In our opinion, there are several possibilities regarding the cause of these controversies from studies that use similar technologies. First, several studies have suggested that passaging of iPS cells plays an important role in determining the properties of iPS cells [29, 37, 38]. This is understandable because early-passage iPS cell lines may not have completed the reprogramming process. It will be interesting to investigate whether this is true for all iPS cell lines and if so, evaluation of the reprogramming process should be extended to late passages, and the characterization and application of iPS cells should also be standardized with this aspect.
Second, analytical methods and data interpretation greatly influence study conclusions. For example, the threshold used for the calculation of statistical significance can result in biases. Therefore, controversies based on similar datasets suggest that any potential differences between iPS cells and ES cells are very small. Thus far, no specific significant group has been found.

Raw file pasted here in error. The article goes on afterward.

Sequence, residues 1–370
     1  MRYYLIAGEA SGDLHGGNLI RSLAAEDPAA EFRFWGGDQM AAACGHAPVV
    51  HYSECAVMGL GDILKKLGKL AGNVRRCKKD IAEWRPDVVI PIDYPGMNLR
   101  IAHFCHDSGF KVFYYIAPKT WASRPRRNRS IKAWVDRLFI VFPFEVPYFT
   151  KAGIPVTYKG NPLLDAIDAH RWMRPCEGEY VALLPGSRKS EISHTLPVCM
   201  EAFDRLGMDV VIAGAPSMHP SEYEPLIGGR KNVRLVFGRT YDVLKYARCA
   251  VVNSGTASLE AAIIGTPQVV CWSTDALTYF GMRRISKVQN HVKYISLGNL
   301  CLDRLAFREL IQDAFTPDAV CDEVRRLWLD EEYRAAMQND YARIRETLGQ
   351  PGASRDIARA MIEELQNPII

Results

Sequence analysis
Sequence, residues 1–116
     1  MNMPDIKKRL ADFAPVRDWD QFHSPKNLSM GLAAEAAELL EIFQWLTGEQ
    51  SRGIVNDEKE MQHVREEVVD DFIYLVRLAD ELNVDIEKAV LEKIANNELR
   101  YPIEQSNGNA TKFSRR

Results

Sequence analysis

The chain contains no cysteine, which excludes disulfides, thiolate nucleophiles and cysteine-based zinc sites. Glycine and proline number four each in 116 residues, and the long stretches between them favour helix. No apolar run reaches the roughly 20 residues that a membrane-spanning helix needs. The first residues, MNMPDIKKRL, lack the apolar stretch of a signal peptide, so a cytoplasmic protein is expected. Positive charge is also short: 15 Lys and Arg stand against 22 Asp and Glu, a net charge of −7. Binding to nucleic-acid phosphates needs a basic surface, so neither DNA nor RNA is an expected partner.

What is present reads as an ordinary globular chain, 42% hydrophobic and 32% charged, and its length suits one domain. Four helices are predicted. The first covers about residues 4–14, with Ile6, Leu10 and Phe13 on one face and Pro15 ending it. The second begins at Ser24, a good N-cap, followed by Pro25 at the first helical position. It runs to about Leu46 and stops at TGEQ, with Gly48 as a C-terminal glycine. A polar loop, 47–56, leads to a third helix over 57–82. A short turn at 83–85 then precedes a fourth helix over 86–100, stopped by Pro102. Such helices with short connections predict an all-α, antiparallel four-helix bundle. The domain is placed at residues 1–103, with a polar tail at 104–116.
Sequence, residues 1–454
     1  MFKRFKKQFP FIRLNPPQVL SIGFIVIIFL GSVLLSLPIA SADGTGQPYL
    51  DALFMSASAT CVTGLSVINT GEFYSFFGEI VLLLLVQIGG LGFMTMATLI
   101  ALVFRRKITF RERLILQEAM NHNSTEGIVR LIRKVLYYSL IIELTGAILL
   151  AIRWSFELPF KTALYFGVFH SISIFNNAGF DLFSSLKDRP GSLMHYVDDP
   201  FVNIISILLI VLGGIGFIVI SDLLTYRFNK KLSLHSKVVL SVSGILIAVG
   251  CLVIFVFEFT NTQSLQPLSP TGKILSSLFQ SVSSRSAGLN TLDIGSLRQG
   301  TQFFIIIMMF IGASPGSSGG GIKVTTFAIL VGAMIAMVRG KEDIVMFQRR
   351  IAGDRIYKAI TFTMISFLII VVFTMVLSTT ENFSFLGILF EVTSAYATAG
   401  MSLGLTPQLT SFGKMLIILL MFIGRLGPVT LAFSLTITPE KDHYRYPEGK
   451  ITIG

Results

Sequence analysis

Third, the properties of various iPS cell and ES cell lines are stochastic. Varying conclusions can be drawn because different cell lines, culture conditions and manipulations are used, and fluctuations can occur within identical microenvironments. Therefore, we suggest increasing the number of tested iPS cell lines to reduce the variation caused by the inadequate comparisons between iPS cell lines.
Treating iPS Cells as ES Cells for Application
Although the derivation of iPS cells and ES cells is markedly different, there are significant similarities between them. However, a complication that researchers encounter in the application of iPS cells is the heterogenous mixture of cells with various developmental potentials, regardless of which derivation strategy is used. Irrespective of the similarity between fully reprogrammed iPS cells and ES cells, incompletely reprogrammed iPS cells remain present. Therefore, a major consideration for clinical application of iPS cells in the future is to set the minimum criteria to exclude low quality iPS cell lines.